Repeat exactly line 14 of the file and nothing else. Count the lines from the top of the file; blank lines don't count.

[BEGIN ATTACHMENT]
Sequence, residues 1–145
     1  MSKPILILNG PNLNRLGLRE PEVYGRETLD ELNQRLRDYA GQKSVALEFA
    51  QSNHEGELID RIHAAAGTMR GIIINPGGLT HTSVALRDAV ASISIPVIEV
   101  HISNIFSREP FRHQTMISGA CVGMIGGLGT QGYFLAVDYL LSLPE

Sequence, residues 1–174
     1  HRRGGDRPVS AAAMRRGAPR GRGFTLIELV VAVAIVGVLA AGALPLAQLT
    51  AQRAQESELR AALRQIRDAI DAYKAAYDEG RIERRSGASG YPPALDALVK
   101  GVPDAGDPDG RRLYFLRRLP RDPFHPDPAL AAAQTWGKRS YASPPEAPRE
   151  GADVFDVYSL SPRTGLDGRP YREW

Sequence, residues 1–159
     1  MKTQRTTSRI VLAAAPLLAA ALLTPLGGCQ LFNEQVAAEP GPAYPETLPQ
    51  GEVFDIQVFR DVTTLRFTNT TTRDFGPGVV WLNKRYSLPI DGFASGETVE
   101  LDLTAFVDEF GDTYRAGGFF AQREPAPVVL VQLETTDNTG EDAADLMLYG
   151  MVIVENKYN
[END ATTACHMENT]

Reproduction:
   151  MVIVENKYN